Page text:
(I know! It’s been ages! Hi!)
When I was just a tiny little thing, my 50-year-old grandfather had a massive heart attack, resulting in quadruple bypass surgery that saved his life.
He’d been slim my whole life, and had just started running long distances. We were all a bit surprised, but we realized that he hadn’t ever eaten terribly healthily. We chalked it up to diet and resulting high cholesterol, and thought we had learned.
My dad, in his early twenties at the time, took up long distance running, as well. It was a great love, for him, and he ran marathon after marathon. He has always been one of the fittest humans I have ever known.
Additionally, he’s always been pretty careful about what he eats. Then two years ago, he started struggling to get through even shortish runs, or working up to good speed. The diagnosis? He needed bypass surgery, and fast.
Dad, Grandpa, and I all have genetically-caused high cholesterol, which can of course be exacerbated by poor diet and lack of exercise. In my dad’s case, he was doing everything he could to outrun it (pun intended), but all his efforts weren’t enough. My grandfather wasn’t doing nearly enough, and it nearly killed him.
My history? Well, let’s just say it’s been spotty. I spent the first 15+ years of my adult life sitting on my kiester and eating terribly, so I had that working against me.
Like my grandfather, I have a heart murmur & arrhythmia. Post-bypass surgery, he had a pacemaker put in to keep his heart beating properly, but I’d really like to avoid needing that. I also have heart disease/diabetes risk double-whammy of PCOS. It actually increases serum cholesterol and triglycerides–isn’t that sweet? They’re both in the healthy range, now (barely), but with my family history, I began to have concerns about protecting this lil’ body against future risk. (You know what’ll scare ya into wanting to be healthier? OH EVERYONE IN YOUR FAMILY GETTING HEART DISEASE.)
To top it all off, I had my DNA tested, and submitted my genome to Promethease.
Yeah. Fifty bad markers for heart disease. That’s 50 genetic markers raising my risk, and another almost 150 relating to cholesterol disease. So that’s fun. Clearly, it was time to take some action.
In chatting with my doctor, we decided the best option for me was to go at least mostly vegan. His suggestion was to be “mostly plant based,” because of the benefits of plant sterols, and the decrease in saturated fats in my diet. As a side benefit, he also thought I might see a decrease in my weight (something I was hoping for, not that he was pushing) because of the increased fiber and general lower calorie count of plant-based foods. But don’t get me wrong: this is NOT a “diet,” nor is it, for me, about animal rights. (I like them right here on my plate, if I’m honest.) This is all about keeping my heart healthy.
So. We’re adjusting. My kids still get to eat “normal” food for breakfast and in their cold lunches, but I prepare vegan dinners. Once in a while, I make something like burgers, and make mine vegan, or we make our own pizzas or nachos and they can have cheese and meat while my plate is piled with veggies. They’re learning that chili is survivable without ground beef, and some things (like waffles) aren’t even detectably different my way. It helps that I’m an OK cook!
Note that I’m also having to work within the guidelines of insulin resistance: while I can eat most veggies, I have to be aware of glycemic load. (I try and stay away from foods that are over 10/serving) Some starchy veg and grains are out. Whole grains and high fiber are always better. A bunch of fruits don’t work for my body.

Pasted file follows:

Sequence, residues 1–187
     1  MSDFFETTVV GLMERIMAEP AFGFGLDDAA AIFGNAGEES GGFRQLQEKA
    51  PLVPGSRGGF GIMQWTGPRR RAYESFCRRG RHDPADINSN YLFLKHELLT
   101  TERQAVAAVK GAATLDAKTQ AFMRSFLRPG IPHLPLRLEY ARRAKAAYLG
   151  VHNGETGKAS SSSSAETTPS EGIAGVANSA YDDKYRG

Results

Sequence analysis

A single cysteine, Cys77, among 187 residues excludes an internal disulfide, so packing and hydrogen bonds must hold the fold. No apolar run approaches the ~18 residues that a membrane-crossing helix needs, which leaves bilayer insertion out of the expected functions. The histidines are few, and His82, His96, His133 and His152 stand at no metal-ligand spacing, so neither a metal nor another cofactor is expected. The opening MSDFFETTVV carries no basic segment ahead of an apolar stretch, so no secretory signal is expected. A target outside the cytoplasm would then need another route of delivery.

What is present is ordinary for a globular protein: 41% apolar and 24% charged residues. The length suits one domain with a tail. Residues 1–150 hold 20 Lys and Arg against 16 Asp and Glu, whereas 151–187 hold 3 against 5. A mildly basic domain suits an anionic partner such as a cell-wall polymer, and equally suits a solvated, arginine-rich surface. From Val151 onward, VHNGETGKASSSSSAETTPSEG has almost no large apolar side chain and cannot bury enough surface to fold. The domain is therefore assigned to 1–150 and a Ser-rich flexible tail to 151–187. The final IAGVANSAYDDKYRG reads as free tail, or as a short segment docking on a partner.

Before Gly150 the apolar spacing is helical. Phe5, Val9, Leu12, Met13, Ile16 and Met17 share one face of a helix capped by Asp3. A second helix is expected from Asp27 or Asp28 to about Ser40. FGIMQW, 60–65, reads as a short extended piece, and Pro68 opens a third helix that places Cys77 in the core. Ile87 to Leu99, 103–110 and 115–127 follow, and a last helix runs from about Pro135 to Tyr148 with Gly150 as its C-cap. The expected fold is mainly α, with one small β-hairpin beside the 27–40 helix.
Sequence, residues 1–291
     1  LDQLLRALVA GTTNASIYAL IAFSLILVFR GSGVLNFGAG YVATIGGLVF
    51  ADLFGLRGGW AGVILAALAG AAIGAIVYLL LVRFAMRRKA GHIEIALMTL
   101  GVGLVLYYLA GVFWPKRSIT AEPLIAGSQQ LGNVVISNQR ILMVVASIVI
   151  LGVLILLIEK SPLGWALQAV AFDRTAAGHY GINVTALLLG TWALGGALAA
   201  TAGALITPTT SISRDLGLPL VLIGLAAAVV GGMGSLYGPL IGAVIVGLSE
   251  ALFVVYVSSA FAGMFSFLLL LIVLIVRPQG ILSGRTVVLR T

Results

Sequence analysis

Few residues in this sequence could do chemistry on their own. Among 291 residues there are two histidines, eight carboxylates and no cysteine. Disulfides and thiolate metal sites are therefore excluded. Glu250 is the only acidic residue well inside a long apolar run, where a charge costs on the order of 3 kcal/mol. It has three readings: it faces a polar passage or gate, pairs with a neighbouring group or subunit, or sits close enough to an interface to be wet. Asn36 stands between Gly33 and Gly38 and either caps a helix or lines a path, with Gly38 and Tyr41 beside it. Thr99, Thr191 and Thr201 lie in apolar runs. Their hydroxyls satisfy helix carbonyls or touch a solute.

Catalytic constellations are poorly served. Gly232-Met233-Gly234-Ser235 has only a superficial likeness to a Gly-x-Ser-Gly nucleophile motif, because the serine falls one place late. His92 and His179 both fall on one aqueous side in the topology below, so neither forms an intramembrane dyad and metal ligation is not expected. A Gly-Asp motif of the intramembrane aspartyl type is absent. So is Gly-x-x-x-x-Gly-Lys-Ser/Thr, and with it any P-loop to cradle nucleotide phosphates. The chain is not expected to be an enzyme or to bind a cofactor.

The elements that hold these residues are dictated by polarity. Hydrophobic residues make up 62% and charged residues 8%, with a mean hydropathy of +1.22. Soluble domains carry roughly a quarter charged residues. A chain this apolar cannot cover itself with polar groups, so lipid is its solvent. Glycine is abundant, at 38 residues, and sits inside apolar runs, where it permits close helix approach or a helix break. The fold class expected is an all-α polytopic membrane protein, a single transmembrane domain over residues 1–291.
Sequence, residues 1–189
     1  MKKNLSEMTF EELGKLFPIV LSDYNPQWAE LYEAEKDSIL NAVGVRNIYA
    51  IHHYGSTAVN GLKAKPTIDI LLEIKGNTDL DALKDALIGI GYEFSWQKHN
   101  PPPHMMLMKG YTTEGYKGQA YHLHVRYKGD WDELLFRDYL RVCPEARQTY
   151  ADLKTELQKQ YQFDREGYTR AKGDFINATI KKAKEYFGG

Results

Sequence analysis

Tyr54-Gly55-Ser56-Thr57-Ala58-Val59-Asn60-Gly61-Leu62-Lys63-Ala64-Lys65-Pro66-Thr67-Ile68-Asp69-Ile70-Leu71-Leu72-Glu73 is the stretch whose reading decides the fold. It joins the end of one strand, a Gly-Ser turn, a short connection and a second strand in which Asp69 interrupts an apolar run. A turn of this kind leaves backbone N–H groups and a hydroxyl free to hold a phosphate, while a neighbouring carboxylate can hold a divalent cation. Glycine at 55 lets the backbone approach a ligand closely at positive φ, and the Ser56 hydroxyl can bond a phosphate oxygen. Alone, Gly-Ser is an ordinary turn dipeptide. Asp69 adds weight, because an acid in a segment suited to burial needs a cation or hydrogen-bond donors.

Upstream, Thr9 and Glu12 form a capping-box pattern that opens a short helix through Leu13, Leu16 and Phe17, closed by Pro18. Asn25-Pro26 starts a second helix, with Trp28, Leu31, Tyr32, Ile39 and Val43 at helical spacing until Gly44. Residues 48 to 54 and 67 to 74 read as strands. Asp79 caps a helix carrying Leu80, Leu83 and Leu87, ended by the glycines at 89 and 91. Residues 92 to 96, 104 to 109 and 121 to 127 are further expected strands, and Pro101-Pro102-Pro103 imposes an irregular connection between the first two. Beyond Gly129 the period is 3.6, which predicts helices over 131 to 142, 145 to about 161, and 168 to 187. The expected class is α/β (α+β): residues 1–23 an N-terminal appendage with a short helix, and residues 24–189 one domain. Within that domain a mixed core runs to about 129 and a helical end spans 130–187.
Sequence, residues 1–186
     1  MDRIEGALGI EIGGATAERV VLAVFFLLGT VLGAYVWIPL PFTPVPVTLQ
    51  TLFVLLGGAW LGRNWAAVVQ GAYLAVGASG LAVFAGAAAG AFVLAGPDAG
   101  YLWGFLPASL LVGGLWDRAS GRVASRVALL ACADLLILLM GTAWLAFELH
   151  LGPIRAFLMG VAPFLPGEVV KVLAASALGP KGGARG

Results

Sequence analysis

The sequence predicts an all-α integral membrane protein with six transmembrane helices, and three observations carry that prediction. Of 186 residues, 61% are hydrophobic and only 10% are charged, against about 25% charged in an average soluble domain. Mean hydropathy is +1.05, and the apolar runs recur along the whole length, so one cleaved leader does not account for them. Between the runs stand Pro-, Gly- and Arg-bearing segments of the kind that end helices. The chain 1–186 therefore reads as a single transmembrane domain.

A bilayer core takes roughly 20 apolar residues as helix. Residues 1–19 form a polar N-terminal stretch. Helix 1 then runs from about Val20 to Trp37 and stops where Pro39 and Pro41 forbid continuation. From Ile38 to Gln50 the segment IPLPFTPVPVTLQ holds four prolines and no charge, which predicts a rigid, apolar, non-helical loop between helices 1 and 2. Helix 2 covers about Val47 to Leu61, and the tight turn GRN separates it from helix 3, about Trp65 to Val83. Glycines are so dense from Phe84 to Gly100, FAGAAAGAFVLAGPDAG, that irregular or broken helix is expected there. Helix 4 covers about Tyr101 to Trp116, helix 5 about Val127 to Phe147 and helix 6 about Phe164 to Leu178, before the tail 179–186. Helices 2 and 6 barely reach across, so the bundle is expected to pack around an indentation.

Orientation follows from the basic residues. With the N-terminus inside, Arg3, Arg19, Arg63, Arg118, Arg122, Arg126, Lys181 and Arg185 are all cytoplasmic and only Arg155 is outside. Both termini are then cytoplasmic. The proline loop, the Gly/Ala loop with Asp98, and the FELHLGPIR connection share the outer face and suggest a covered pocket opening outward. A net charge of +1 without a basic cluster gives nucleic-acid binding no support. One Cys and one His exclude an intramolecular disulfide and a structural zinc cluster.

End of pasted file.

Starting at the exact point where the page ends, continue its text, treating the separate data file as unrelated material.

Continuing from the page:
Because I’m eating vegan, I’m not eating meat or dairy, with the exception of kefir (at my doctor’s request. We’re working on pro- and pre-biotics for me, but that’s another discussion). That means meat and dairy substitutes. However, I’m not using much soy. I’ve read a bunch of differing opinions on soy, particularly as it pertains to PCOS. I’m not here to offer my opinion on what anyone else should do, but I did decide to stay away from processed soy. I eat:
- Soy Sauce
I use nut milks and cheeses (though I don’t miss cheese much).
Here’s what a typical day looks like for me:
Breakfast: Steel-cut oats, flaked coconut, berries, cashew milk, stevia, & chia seeds
Lunch: Vegan burger (frozen from Costco), wheat bun, condiments, roasted root veggies
Dinner: Vegan Enchiladas or Mushroom Stout Pie or I’m tired let’s microwave a bowl of edamame and the kids can have mac & cheese 😀
Some of my favorite sites for vegan recipes are:
We don’t eat out a lot as a family, but sometimes I do have lunch on the run. Here are some of my very favorite vegan meal options on the go:
- Chipotle’s Sofritas Burrito/Bowl/Tacos/Salad (with guac, no cheese/sour cream)
- Taco Bell Black Bean Burrito (no cheese)
- Noodles & Co Japanese Pan Noodles (with or without tofu)
- Wendy’s Power Mediterranean Salad (no chicken)
- Del Taco 8 Layer Veggie Burrito (no cheese, no sour cream)
- Papa Murphy’s Gourmet Vegetarian Pizza (thin crust, no cheese)
- Boise Co-Op, if you’re local, has awesome vegan sandwiches, bowls, and burritos. Try the banh mi (and grab a cookie)!
Note: beware of vegan desserts. “Vegan” =/= healthy, it simply means no animal products. Check ingredients. Most desserts substitute coconut oil in place of butter, which actually means more saturated fat per tablespoon. That’s not great for heart health. (Some use smashed avocado or an unsaturated oil, which is a better option). Also, many vegan desserts are absolutely loaded with sugar. Be sure to read labels and understand what you’re getting.
By the way, my dad and grandpa? I feel very blessed to be able to say they’re both still here. I can’t imagine my life without their loving influences. Here’s hoping, with these changes I’m making, I’ll be able able to live a life just as full and rich as theirs.